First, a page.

Using foul language in your tweets indicates you are a psychopath, a new study shows.
The research by London's Online Privacy Foundation found constant swearing on Twitter revealed specific personality traits about the user.
Tweets that included the words "die", "kill" or "bury" were also considered warning indicators.
A search of New Zealand Twitter users showed comedian Jeremy Elwood fits the bill.
Elwood has tweeted swear words, as well as both "kill" and "die", a total of 25 times in the past six months, including a over the Auckland motorway system in May.
"Auckland? When you want to close several motorway onramps, a f***ing warning sign before the f***ing ramp itself wouldn't f***ing kill you."
Elwood told APNZ today he used his Twitter account daily for a mix of getting his own opinions out as well as keeping in touch with people.
"Funnily enough, I have done a bit of research into psychopaths for a play that I am in at the moment.
"The criteria are vague enough that more people than not would probably tick enough of the boxes to get some people worried."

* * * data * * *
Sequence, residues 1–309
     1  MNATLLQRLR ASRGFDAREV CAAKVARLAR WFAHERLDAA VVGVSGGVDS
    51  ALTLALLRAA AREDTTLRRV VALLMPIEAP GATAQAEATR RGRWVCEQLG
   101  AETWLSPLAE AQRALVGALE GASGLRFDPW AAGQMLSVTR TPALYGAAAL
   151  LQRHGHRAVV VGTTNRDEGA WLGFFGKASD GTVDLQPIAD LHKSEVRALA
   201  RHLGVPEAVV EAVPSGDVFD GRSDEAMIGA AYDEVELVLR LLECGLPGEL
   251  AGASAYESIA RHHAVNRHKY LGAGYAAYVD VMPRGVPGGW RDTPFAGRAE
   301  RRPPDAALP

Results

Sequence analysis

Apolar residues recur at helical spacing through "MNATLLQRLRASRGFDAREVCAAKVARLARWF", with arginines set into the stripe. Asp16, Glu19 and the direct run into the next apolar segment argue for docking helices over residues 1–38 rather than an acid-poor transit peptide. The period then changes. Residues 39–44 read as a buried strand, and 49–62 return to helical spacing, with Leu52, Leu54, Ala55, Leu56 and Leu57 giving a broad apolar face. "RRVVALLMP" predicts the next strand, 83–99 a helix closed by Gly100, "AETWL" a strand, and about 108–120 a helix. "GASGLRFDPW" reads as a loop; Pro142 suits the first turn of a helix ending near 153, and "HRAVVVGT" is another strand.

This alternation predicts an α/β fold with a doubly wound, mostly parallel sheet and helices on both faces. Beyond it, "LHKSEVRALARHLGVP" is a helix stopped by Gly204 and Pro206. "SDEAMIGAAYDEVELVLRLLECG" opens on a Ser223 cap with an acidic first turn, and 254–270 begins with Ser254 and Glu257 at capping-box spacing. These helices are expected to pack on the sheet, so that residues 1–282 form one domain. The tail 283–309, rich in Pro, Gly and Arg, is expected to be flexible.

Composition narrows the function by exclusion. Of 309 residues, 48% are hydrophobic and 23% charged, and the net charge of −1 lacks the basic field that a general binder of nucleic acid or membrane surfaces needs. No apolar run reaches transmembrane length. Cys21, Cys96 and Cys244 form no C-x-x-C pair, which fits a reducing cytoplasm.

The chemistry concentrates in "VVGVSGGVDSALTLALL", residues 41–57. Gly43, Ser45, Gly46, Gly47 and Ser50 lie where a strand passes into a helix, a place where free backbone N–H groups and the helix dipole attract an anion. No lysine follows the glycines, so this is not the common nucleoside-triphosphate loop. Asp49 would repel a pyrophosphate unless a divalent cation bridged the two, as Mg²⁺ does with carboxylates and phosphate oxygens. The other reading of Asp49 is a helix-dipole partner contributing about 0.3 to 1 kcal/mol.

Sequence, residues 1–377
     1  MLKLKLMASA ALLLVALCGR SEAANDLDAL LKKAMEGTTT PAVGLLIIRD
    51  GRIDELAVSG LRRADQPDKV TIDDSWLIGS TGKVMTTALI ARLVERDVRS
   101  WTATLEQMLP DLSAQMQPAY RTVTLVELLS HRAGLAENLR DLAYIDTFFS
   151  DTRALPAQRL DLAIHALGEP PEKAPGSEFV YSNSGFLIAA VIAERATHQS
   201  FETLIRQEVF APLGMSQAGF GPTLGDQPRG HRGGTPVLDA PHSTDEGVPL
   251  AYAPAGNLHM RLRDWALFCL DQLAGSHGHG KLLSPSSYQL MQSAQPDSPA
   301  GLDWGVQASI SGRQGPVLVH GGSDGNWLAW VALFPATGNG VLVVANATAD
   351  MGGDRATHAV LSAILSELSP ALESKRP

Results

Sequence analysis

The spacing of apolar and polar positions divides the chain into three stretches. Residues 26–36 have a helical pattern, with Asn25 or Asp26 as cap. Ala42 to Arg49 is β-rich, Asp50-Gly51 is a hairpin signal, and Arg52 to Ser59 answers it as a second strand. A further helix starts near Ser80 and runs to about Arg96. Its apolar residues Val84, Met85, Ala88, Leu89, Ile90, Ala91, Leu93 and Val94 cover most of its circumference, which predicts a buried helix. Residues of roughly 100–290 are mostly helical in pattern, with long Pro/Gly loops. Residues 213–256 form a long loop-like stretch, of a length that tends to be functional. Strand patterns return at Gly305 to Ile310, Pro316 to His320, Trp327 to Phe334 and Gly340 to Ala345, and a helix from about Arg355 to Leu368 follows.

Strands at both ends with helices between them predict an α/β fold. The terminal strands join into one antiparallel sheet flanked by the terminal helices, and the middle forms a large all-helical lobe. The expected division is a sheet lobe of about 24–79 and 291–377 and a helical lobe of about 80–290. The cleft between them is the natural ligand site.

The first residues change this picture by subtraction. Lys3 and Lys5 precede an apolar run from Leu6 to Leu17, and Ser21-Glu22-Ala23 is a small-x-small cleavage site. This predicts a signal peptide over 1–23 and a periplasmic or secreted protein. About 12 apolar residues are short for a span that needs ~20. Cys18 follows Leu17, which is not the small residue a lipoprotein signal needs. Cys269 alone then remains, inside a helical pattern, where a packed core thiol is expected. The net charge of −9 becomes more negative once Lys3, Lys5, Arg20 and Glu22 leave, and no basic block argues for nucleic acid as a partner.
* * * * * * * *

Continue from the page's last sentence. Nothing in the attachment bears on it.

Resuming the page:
He said he didn't take the findings of the survey too seriously.
"I think under that logic every comedian on the planet probably qualifies as a psychopath in terms of the language we use.
"But also in terms of the insanity of what we do."
He said he did put a little bit of thought into what he tweeted.
"The main reason for that is because I'm doing quite a lot of travelling in and out of North America at the moment and there has been some bad news stories with some kid who got deported last year.
"He tweeted 'I'm going to destroy Los Angeles' - by which he meant I'm going to throw a massive party."
The tweets of about 3000 volunteers were monitored by a computer programme for the study and 1.4 per cent were found to show psychopathic trends, the Daily Mail reported.
The research said employers could use the study to screen potential employees before they were hired.
Police could also use the information to identify potential threats, it said.
London's Online Privacy Foundation head Chris Sumner told the paper that companies existed that would research people's social media habits.
"People are making judgements about others based on social media.
"However, almost all research says more research is needed before social media screening should be considered for use."